PVC is a great material. It's like Tinker Toys for adults. You can use it to build greenhouses, furniture, musical instruments, kayaks, toys, and yes, even plumbing. I thought it would be a great material for building low-cost camera equipment; the only problem is how to connect the PVC to a camera. This is the method which has worked well for me for the past couple of years. Once you build this one device, you're only limited then by your imagination!
If you like my design, feel free to vote for me in the Digital Days photography competition!
Here's the video version:
This is the hardest step of the project. I found all these pieces easily, but I've been informed that they aren't available everywhere. A bit of footwork and possibly ordering online should get you all these parts.
three ¼ inch hex nuts
one ¼ inch lock washer
one ¼ inch regular washer
one ¼ inch x 1 inch fender washer
one ¼ inch x 2 inch bolt (threaded the entire length)
¾ inch schedule 40 end cap (flat)
½ inch schedule 40 plug
one inch of ¾ inch SDR Schedule 21 PVC pipe
Note that the PVC pipe is NOT Schedule 40. This pipe has 1/16 inch walls, as opposed to the more common Schedule 40's 1/8 inch walls.
Drill holes in both the end cap and the plug. The hole should be large enough for the bolt to slide through relatively easily. You can either use a pair of scissors or a 3/8 inch drill bit.
Attach the bolt to the ½ inch plug. This is accomplished in this order: bolt, regular washer, plug, lock washer, nut. Tighten it all together using your tools of choice. I find the best way to keep the nut from spinning as you're trying to tighten everything is to put a flathead screwdriver on the side of the nut while tightening the bolt. Once it reaches the bottom, the lock washer should hold it in place for the final tightening.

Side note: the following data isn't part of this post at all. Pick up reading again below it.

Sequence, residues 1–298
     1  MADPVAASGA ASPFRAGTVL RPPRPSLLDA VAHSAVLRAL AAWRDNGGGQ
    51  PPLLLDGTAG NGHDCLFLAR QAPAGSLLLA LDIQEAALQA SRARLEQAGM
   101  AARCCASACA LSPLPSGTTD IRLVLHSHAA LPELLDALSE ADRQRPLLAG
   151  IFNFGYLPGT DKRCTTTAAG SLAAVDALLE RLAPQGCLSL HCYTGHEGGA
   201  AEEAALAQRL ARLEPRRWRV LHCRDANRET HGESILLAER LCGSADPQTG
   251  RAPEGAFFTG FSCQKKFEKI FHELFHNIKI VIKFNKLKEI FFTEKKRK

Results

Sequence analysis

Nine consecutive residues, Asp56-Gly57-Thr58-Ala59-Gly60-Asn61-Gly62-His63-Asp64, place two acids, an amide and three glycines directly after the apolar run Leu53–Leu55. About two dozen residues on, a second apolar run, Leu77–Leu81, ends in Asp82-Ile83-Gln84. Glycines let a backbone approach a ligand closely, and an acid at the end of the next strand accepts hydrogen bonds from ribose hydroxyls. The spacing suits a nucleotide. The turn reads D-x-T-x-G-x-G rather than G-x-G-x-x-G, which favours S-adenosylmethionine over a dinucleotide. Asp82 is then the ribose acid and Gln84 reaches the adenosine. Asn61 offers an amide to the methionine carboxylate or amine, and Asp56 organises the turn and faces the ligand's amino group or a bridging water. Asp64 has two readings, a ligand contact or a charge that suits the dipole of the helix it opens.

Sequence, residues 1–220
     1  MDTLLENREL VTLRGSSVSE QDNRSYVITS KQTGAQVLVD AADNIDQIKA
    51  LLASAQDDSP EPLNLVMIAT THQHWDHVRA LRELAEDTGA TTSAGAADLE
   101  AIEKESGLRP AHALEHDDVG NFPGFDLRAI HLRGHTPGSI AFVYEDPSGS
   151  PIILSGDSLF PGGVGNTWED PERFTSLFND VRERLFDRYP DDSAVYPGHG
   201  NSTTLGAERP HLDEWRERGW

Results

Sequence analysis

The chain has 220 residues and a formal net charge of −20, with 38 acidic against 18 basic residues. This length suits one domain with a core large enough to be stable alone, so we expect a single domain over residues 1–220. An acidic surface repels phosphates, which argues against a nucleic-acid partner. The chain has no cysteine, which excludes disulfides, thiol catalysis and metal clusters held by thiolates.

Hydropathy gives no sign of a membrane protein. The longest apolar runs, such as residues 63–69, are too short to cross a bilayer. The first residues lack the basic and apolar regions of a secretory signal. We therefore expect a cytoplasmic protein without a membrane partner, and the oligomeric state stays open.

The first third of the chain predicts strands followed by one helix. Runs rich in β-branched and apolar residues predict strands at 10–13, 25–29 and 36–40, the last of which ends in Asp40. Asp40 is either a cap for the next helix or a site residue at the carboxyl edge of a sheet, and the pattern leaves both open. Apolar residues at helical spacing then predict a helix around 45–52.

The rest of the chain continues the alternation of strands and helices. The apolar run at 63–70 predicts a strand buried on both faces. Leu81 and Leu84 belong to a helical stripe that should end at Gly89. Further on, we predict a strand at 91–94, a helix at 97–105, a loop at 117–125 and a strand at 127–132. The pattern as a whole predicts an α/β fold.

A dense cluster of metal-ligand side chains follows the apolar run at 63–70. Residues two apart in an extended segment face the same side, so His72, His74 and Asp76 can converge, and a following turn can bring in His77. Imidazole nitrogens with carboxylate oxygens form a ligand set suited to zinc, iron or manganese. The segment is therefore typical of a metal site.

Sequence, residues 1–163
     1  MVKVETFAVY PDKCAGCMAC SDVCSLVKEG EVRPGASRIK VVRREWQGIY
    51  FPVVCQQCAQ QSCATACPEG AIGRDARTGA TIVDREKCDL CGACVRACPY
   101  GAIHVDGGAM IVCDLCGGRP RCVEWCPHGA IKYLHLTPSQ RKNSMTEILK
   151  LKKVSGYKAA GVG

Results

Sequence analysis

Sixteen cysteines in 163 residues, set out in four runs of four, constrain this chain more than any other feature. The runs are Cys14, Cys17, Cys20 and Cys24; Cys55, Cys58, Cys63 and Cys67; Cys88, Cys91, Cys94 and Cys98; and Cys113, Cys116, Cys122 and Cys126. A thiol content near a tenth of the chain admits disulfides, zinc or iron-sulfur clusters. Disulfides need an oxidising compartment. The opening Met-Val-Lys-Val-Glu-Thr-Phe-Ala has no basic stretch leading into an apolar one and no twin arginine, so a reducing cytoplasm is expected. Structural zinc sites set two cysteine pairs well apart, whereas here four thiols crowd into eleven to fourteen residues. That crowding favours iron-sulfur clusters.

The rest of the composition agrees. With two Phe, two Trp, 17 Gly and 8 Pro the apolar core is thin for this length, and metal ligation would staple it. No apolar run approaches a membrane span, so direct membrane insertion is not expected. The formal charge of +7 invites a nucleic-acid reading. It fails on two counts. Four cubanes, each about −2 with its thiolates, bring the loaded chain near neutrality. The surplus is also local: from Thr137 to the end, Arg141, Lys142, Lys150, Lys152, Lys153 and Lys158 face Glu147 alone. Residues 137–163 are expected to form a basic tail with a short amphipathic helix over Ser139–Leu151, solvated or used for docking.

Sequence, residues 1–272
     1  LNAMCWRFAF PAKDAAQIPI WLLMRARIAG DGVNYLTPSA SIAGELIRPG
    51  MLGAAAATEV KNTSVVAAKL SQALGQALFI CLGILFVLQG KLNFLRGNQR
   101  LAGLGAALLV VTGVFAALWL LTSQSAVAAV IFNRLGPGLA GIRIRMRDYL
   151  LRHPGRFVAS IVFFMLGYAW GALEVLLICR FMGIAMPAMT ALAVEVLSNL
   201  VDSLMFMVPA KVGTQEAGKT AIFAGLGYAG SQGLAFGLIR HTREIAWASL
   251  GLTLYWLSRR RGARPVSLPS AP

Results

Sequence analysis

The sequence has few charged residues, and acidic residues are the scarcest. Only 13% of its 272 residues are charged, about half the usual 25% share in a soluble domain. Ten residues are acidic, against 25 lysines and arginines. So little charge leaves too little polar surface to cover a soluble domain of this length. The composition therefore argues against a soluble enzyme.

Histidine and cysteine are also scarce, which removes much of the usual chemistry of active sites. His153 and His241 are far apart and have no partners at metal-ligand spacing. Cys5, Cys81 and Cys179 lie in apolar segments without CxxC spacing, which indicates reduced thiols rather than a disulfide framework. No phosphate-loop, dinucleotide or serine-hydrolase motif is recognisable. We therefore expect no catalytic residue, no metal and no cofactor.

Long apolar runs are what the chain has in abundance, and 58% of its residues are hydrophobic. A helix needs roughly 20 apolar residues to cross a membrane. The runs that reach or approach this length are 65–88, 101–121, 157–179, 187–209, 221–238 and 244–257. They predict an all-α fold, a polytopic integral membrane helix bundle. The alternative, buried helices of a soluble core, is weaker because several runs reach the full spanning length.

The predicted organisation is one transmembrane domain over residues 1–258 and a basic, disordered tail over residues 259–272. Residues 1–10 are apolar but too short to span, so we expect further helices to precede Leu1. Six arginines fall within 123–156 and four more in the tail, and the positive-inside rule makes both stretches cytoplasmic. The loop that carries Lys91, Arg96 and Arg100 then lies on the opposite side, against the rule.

Put the PVC pipe over the top of the plug. If you have schedule 21 pipe, it should move freely. The schedule 40 won't fit.
This step takes a little tweaking, but it's still not that bad. You're going to attach the fender washer by sandwiching it between two nuts. The trick is that you need to leave a very small gap between the fender washer and the pipe. I try to get it around a sixteenth of an inch. You want the ½ inch plug to spin independently from the PVC pipe, while not being overly loose.
Slide the end cap over the pipe, with the bolt threads coming out the top. The plug should rotate freely while the pipe and end cap stay in place. That's it!
To use the PVC Camera Mount, line up the bolt threads with your camera's tripod hole. Twist the ½ inch plug clockwise, and the PVC Camera Mount will tighten up against the camera, forming a secure base. Then just insert the bottom of the Camera Mount into any ¾ inch PVC fitting, and build to your heart's content.
Some examples of devices I've designed/modified are as follows (linked to videos or other instructions if available):
Fig Rig -- (Thanks to Twist for his Instructable)
Also check out my blog -- goodenoughstuff.blogspot.com -- for more information on many of my projects and more.
And as a bit of shameless advertising, don't forget to vote for me in the Digital Days photo contest!